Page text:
The next morning, Tolver tried to follow protocol to report her assault, but instead encountered what she says was a combination of ineptitude and skepticism among her superiors.

“I told my story, then told it again when the victim advocate got there, then I had to be examined,” she says. “Some woman was doing my exam, and when I flinched at the speculum, she said, ‘Oh, it’s no bigger than a penis!’ Before she even finished there were two NCIS [Naval Criminal Investigative Services] agents there to talk to me. They took my journals and my computer and dusted for prints in my room. Everything was covered with black dust that I had to clean up. I think they still have my bedspread, which I paid full price for at Target. The whole thing was bizarre. It was a mess.”

Using her journals, which were a part of her personal, spiritual journey and contained what she calls her “Dear God letters,” Tolver says the investigators twisted her words to discredit her. Her rapist was never disciplined.

“It wasn’t a secret that the investigators didn’t believe me,” she says. “They made me out to look like a liar. The superiors were just gossiping with the guys, and they treated me like I’d made this all up. I still love the Marine Corps – but the Marine Corps betrayed me.”

For six months, Tolver stayed at Camp Lejeune, showing up to work every morning and spending the rest of her time alone in her room. The bonds she’d formed with her fellow Marines seemed to dissipate.

“I was miserable. I had anxiety. I couldn’t sleep,” she says. “I had depression and thoughts of suicide. Not only was I raped, I was suddenly completely alone. Whatever support system I may have had was stripped from me.”

Tolver says she went home – an eight-hour drive – nearly every weekend to avoid the isolation of being on base.
In the spring of 2013, less than six months after her assault, Tolver’s father suffered a brain injury and was hospitalized. It was the final straw for Tolver, and she told the military she was done; the Marine Corps wasn’t taking care of her, and she needed to take care of her family. She served out a few more months at Joint Base McGuire-Dix-Lakehurst in Burlington County and was honorably discharged in December 2013.

After spending so many hours with her father in the hospital and interacting with his medical team, Tolver realized nursing was her calling. In the course of eight months, she finished her bachelor’s degree at Wilmington University and completed a second accelerated bachelor’s with the pre-requisites for nursing school.

“I had a 4.0 science GPA and a 3.85 overall GPA,” she says. “I applied to every nursing school in South Jersey and Philadelphia, and everybody denied me.”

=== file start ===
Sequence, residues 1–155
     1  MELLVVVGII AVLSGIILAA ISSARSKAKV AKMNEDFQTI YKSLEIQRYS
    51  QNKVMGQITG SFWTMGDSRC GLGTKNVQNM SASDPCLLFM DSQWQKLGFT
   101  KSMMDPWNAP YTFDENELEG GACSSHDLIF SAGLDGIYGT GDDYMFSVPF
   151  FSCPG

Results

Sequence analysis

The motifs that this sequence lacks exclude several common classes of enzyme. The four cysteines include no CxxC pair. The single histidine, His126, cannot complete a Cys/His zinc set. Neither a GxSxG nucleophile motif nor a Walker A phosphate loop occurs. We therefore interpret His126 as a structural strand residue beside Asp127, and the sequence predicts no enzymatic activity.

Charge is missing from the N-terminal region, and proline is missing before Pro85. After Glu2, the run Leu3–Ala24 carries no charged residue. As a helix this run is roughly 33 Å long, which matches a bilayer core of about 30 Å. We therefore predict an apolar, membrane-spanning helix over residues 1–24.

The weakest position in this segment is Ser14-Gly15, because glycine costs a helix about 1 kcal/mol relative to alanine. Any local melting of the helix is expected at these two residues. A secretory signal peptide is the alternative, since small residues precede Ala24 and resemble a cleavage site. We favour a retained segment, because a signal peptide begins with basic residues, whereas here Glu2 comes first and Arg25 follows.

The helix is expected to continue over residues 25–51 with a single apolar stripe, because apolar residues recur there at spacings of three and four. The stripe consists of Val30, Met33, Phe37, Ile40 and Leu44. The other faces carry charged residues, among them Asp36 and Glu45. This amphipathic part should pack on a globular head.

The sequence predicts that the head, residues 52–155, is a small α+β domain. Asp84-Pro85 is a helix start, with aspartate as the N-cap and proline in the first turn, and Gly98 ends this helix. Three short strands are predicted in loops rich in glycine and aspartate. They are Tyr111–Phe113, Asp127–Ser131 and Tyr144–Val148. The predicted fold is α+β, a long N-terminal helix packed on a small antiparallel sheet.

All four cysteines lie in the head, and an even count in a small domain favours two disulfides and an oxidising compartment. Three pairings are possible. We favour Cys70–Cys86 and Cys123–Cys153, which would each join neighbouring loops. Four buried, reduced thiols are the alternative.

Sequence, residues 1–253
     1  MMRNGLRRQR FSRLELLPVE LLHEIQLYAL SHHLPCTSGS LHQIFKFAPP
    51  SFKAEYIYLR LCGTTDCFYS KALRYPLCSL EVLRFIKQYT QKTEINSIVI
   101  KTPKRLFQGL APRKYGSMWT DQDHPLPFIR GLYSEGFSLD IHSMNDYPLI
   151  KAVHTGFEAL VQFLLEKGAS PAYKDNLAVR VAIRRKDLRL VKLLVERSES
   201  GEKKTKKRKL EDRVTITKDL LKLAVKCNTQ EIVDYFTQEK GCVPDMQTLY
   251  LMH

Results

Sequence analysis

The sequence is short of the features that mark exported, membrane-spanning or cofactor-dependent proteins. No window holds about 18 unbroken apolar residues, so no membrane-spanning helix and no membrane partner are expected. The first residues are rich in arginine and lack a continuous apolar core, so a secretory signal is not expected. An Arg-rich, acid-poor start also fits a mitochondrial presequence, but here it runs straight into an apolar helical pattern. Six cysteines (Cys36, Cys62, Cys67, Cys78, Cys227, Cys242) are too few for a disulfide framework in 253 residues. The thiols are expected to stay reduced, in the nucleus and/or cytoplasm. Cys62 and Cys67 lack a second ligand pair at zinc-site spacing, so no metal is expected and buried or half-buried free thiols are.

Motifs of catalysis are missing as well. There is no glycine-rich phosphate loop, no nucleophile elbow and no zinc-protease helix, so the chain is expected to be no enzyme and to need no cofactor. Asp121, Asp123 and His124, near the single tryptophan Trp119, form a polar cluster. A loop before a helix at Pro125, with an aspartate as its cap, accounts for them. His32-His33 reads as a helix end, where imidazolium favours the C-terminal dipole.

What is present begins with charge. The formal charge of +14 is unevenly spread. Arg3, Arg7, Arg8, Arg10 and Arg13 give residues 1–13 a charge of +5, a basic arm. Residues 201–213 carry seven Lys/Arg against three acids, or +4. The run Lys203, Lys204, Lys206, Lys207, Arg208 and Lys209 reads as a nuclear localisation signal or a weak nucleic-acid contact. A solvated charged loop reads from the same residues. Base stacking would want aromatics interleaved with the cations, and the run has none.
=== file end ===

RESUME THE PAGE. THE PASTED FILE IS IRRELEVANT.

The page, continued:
Three weeks before classes started, she met Frank Davis, head of the Office of Veterans Affairs at Rutgers University-Camden, who made some calls. Just like that, Tolver was enrolled in the school’s Doctorate of Nursing program.

Tolver also applied for the Pat Tillman Foundation Scholarship, a selective award that honors the sacrifice of Tillman, who left a career in the NFL to serve in the military and was killed in Afghanistan.

“When the application asks, ‘How did your service change your life?’ I’m sure no one expects you to talk about how you were raped,” Tolver says. “When they called and said I’d made it to the interview stage, I thought, ‘Phew, this is going to be an awkward conversation.’”

In July, Tolver found out she’d won the $20,000 scholarship. She was one of only five nursing students in the country to be named a Tillman scholar, and the only one in New Jersey.

In addition to serving South Jersey families in Cooper’s ICU and working toward her next degree, Tolver has begun speaking out about her assault and everything that came after.

“It took me five years of Sundays,” Tolver says, “but I believe all things work together for good. This happened to me because I can talk about it, and I can help other people.”

Tolver has spoken to N.J. State Sen. Jim Beach and other local officials, who hope to start programs to address on-campus sexual assault cases in South Jersey. She also dreams of opening a mobile clinic to bring medical care to underserved populations.

“I’ve lost so much, but there is so much to gain,” she says, her trademark optimism wildly apparent. “I’ve made it through this, I’ve come out the other side, and now I’ve got this incredible story. No one and nothing can take that away from me.”


January 2018